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Court of Appeal

Civil Appeal
572 of 2022
03 May 2022
13 May 2022
Chief Justice Vincent Lunabek; Justice John Mansfield; Justice Raynor Asher; Justice Oliver Saksak; Justice Dudley Aru; Justice Viran Molisa Trief; Justice Edwin Goldsbrough
Harry Kemuel
Josiah Nato
P. Fiuka for the Appellant; W. Kapalu for the Respondent


1. A question arose as to who was entitled to the name Tamat. The dispute came before the Island Court (Malekula Island Court CC 1849/2020). That Court declared the true bloodline of Tamat was Josiah Nato and his family, not Kemuel Harry and his family. That Court also restrained Kemuel Harry and his family from using the name Tamat.  The current applicant, appealed against the Island Court ruling to the Magistrate’s Court but that Court dismissed his appeal.

2. Kemuel Harry then filed an appeal in the Supreme Court from this decision. Kemuel Harry’s appeal was on several grounds including that:-

(i) Mr Nato had the opportunity and obligation to state his claim when Land Case No. 93/10 was being litigated which declared that Kemuel Harry representative of Family Tamat as the rightful custom owners of the land of Tarvaut. 

(ii) The issue of bloodline of Tamat was res judicata.

(iii) The Magistrate’s Court was not asked to consider the restraint of the use of the name Tamat. 

3. The Supreme Court in its judgment dated 5 January 2022, rejected all grounds of appeal from the Magistrate’s Court decision of 25 June 2021 and dismissed that appeal.

4. In this application Kemuel Harry seeks leave to appeal out of time against the judgment of the Supreme Court of 5 January 2022 on the ground that the Supreme Court erred in law when it failed to comply or be properly constituted under section 22 (2) of the Island Court’s Act [CAP 167] when it dismissed the appeal from the Magistrate’s Court on 5 January 2022.

5. We heard the application for leave to appeal out of time. Counsel for the Appellant referred to the Judgment of this Court in Laho Ltd v. QBE Insurance (Vanuatu) Ltd [2003] VUCA 26 which sets out the factors guiding leave to appeal out of time. They include: (a) the length of the delay; (b) the reasons for the delay; (c) the chance of the appeal succeeding if time for appealing is extended; and (d) the degree of prejudice to the potential respondent if the application is granted.

6. We consider the submissions of the Appellant on the factors and we reach the conclusion that the application should not be granted on the basis that the appeal seeks to raise only one question, and  the Appellant’s counsel failed to raise the question before the Supreme Court. No other points of substance were put to us. 

7. We note that the appellant’s case is that section 22 (2) of the Island Court Act [CAP 167] provides an appeal to the Supreme Court from the Magistrate’s Court decision, but that the Supreme Court had to sit with two assessors. Counsel for the Appellant asked the Supreme Court to proceed, sitting as a single judge, and also to decide the appeal on the papers. Counsel for the Respondent agreed to that process.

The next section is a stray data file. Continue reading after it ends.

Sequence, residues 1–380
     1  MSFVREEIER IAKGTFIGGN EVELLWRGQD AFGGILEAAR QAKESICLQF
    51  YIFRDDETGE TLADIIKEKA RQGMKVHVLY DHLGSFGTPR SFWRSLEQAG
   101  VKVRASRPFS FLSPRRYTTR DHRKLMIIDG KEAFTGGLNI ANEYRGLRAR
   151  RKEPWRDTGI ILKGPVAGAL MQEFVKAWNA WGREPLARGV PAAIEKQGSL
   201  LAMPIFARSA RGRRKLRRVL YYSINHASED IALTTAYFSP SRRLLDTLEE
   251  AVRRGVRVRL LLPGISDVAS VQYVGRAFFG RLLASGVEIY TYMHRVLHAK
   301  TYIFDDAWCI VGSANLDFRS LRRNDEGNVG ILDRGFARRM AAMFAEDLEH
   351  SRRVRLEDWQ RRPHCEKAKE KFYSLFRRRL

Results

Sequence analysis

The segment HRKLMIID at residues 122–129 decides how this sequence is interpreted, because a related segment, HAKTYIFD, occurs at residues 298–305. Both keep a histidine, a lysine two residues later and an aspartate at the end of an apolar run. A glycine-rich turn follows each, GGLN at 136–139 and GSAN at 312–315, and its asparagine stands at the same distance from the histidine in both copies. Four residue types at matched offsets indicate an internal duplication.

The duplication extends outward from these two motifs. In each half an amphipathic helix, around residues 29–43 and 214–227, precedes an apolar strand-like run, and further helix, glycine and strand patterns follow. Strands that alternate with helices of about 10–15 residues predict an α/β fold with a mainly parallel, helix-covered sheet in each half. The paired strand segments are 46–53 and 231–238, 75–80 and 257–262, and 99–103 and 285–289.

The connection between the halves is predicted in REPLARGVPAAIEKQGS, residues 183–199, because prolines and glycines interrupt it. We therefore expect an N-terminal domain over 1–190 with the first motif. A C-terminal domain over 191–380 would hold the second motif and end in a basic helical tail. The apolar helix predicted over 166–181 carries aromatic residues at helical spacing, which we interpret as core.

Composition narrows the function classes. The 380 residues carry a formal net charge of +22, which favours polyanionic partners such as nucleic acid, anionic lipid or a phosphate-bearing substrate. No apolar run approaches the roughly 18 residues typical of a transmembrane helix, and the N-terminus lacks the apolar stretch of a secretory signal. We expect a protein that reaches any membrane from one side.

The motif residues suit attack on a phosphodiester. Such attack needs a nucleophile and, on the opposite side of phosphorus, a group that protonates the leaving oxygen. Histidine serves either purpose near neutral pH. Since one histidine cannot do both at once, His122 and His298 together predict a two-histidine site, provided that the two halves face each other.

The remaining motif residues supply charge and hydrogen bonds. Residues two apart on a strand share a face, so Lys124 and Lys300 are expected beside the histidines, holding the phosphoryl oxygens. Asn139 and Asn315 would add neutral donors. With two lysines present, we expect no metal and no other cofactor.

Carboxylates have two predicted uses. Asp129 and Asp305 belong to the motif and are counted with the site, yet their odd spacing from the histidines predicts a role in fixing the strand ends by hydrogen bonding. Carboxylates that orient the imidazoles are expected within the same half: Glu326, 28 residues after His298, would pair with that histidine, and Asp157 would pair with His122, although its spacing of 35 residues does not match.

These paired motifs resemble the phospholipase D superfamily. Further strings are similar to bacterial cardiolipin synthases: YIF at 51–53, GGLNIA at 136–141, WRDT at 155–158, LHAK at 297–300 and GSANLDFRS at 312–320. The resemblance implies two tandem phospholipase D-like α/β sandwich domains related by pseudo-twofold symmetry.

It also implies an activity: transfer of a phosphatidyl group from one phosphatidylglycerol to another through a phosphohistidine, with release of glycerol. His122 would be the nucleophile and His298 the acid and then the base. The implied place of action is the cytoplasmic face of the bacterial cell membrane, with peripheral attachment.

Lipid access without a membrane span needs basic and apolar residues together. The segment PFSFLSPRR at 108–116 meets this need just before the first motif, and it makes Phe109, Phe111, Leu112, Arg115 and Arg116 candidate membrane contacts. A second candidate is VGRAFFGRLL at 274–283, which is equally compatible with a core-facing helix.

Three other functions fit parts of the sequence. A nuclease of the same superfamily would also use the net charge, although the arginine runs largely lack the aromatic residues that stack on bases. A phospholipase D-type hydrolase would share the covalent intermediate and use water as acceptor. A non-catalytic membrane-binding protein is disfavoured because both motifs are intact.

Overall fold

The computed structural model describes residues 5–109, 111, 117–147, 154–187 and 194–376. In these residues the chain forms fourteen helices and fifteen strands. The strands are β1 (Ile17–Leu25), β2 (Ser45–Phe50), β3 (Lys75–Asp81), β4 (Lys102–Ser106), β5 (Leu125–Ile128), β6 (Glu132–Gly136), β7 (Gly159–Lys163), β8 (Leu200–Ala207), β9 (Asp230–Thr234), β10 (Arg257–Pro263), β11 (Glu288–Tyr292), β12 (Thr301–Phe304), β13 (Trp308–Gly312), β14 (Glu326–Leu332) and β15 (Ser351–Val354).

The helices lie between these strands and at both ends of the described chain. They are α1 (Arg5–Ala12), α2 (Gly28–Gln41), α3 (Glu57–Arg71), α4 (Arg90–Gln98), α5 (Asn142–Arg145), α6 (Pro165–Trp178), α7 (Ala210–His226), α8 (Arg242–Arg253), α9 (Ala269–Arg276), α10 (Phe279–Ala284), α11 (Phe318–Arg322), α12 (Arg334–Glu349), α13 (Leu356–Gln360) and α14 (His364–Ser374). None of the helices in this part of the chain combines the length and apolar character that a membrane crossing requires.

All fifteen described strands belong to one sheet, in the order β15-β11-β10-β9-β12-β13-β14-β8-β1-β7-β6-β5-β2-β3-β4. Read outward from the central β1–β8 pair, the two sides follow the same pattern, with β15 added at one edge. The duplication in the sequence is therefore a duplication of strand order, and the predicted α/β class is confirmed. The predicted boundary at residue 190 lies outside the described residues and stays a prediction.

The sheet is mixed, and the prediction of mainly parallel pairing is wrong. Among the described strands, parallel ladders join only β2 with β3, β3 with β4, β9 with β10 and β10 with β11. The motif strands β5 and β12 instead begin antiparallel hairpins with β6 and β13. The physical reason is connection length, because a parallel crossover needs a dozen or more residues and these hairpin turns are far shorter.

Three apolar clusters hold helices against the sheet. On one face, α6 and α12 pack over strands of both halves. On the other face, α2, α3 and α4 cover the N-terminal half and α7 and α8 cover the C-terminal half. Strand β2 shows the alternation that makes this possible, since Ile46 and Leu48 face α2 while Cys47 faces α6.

8. The present ground of appeal was not argued in the Supreme Court. Consequently, the appeal ground is inconsistent with the conduct of the appeal to the Supreme Court. Had this issue been properly raised at that time, the Supreme Court judge may have reconstituted sitting with assessors, or may have sought the assistance of counsel for the Republic on an important issue of construction of the Act. The Court of Appeal therefore did not then have sufficient material to assess the prospects of the Appellant succeeding on his appeal to the Supreme Court, even if the matter is remitted to the Supreme Court for rehearing. When a party takes a procedural course in the Supreme Court followed by that Court and the opposing parties, it cannot come before this Court and seek a new hearing to the disadvantage of the other parties on the basis that the procedure it adopted was wrong. 

9. The Respondent contended that the Appellant did not seek leave to appeal to the Court of Appeal from the Appellate jurisdiction of the Supreme Court as required under Section 30 (4) of the Judicial Services and Courts Act. The Respondent’s counsel supports his arguments on the original version of Section 22 of the Island Courts Act which has already been amended by Parliament in December 2001.

10. There may well be an argument whether an appeal from the Island Court and to the Magistrates Court and then to the Supreme Court under the Island Courts Acts requires that the Supreme Court be constituted as a single judge, or as a judge sitting with assessors, but that is a matter to be considered when it is properly raised and fully argued. For future reference, Counsel may refer to the Judgement of this Court in Bob v. Mala [2015] VUCA 3; CAC 02 of 2015 (8 May 2015).


11. The application for leave to appeal out of time is refused and dismissed.

12. The Respondent is entitled to his costs in this appeal. We assess and fix it at 80,000 vatu to be paid within 30 days.

DATED at Port Vila this 13th day of May, 2022




Vincent Lunabek

Chief Justice